Standing before Judge Ellen S. Huvelle, Ney pleaded guilty to conspiracy and making false statements. He acknowledged taking money, gifts and favors in return for official actions on behalf of Abramoff and his clients.
Ney did not immediately resign from Congress, but said in a statement that he will step down "in the next few weeks." Republican and Democratic leaders quickly vowed to expel him if he doesn't. The White House also called for Ney's resignation.
Beleaguered Republican leaders, struggling to overcome fallout from a separate scandal involving former Rep. Mark Foley and teenage male pages, said they would make Ney's ouster the "first order of business" in a session after the Nov. 7 elections.
The scandal is likely to reinforce Democrats' contention in the campaign leading up to the elections that the ruling Republicans are corrupt and do not deserve to retain control of the House of Representatives and the Senate. There also could be difficulties for Republican candidates in Ney's home state of Ohio.
"I never intended my career in public service to end this way, and I am ashamed it did," Ney said in a written statement issued moments later.
The 52-year-old lawmaker faces a maximum of 10 years in prison. Huvelle said prosecutors had agreed to recommend a term of 27 months, and said federal guidelines suggest a fine of between $5,000 and $60,000.
As to why he's not resigning now, several officials have said the congressman is financially strapped and needs his $165,200 annual paycheck and benefits as long as he can continue to receive them.
Ney's lawyer, Mark Touhey, told the judge he would resign before sentencing on Jan. 19. The House Republican leader, Dennis Hastert, and other Republican leaders said he would be gone far more quickly than that.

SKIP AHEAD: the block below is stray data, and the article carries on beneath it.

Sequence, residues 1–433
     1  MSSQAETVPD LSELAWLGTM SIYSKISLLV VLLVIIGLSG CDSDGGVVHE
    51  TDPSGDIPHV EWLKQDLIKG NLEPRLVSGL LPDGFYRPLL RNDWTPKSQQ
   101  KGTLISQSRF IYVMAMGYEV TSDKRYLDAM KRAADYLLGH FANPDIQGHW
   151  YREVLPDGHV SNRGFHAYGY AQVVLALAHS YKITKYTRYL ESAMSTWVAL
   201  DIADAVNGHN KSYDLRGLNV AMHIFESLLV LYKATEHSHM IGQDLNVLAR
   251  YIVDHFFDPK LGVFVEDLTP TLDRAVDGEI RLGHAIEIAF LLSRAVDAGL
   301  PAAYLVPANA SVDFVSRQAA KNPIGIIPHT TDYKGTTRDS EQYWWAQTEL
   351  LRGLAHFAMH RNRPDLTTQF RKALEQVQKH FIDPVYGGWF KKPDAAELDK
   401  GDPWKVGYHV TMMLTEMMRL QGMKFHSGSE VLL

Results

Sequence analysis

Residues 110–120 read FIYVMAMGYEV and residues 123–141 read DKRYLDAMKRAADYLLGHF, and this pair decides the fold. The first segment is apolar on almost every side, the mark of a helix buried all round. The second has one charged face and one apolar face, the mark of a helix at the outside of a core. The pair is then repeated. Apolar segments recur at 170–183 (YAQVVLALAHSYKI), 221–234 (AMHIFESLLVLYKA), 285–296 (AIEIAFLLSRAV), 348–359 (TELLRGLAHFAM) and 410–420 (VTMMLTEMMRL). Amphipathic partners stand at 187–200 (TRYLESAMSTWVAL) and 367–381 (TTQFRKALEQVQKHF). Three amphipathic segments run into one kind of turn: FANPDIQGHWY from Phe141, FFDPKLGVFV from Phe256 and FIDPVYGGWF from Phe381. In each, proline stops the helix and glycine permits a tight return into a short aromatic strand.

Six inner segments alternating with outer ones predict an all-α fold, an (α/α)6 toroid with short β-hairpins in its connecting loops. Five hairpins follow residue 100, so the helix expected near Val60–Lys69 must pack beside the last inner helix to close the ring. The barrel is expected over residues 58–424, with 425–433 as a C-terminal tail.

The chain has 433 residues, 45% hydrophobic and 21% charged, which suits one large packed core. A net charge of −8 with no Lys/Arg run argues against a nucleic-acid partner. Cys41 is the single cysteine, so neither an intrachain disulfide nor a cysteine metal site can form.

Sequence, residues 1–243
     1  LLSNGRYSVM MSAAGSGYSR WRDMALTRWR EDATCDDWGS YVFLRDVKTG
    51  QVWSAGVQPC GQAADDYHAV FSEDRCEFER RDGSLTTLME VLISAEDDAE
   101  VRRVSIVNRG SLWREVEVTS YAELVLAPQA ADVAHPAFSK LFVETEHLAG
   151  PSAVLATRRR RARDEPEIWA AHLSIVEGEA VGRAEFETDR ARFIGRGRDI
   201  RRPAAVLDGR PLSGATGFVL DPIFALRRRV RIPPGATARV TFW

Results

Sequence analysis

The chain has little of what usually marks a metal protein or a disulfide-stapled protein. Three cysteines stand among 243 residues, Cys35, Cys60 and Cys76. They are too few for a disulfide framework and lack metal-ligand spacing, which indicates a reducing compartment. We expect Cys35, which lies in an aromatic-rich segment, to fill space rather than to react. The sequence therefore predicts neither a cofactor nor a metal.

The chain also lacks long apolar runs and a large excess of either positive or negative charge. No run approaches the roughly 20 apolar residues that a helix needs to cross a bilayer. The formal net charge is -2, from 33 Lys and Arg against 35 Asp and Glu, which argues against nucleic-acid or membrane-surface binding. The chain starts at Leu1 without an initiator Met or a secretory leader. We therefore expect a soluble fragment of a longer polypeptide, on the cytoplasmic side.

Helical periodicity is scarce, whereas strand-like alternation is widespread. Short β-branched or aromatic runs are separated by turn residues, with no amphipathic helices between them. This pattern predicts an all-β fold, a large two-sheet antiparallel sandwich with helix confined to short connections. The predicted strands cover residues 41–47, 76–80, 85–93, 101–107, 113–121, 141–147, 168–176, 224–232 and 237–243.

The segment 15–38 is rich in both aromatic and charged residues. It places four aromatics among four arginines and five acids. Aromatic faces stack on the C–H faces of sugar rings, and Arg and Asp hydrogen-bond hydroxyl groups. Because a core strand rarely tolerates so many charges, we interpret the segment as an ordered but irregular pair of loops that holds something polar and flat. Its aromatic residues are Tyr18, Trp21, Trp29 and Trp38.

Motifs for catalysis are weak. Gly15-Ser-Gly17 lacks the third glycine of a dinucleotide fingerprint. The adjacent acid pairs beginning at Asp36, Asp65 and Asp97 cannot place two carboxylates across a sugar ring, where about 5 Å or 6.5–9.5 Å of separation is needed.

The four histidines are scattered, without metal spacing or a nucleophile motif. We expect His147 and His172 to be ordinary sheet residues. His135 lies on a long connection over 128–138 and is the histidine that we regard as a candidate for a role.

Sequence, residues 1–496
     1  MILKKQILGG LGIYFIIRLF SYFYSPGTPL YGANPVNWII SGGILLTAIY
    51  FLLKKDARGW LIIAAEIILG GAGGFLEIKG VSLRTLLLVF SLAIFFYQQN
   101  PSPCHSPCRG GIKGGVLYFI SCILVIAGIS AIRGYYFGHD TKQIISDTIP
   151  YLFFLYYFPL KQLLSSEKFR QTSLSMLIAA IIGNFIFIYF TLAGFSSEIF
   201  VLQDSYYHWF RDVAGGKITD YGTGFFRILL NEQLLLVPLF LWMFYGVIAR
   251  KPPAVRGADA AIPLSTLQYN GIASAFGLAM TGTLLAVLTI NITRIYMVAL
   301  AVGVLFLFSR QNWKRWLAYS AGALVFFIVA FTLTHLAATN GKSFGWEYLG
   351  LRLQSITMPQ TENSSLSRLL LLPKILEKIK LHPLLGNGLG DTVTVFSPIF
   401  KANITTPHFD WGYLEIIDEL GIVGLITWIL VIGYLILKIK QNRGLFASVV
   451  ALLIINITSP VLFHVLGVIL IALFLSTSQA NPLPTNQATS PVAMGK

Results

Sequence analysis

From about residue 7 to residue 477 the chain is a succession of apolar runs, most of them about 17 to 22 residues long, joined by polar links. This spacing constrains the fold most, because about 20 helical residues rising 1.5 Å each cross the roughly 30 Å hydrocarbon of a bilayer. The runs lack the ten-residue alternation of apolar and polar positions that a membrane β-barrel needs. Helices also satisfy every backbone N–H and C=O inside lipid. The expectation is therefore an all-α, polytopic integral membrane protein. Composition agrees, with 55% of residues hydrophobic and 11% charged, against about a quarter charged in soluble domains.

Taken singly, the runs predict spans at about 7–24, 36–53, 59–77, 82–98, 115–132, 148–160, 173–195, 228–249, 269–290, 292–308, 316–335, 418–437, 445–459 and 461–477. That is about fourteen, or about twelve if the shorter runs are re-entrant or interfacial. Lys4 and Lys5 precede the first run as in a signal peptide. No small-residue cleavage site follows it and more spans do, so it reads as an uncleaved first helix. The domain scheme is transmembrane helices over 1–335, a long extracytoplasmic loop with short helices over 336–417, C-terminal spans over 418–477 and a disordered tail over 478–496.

Rep. Nancy Pelosi, the Democratic leader, called Ney's guilty plea "further proof that the Republican culture of corruption has pervaded Congress."
Ney is the latest in a string of once-influential men convicted in a scandal that so far has caught several lobbyists and two members of the Bush administration.
Abramoff, the Republican super-lobbyist, admitted guilt in January after secretly cooperating with prosecutors for weeks.
Two former aides to Tom DeLay, the former House majority leader, have also pleaded guilty, as has Ney's former chief of staff.
Additionally, Roger Stillwell, a former Interior Department official, pleaded guilty in August to a misdemeanor charge for not reporting tickets he received from Abramoff.
And former White House official David Safavian, who had been the Bush administration's top procurement official, was convicted of covering up his dealings with Abramoff. He is scheduled for sentencing on Oct. 27.
Ney confessed his wrongdoing in a federal courthouse a few blocks from the Capitol building, where until recently he wielded a committee chairman's gavel.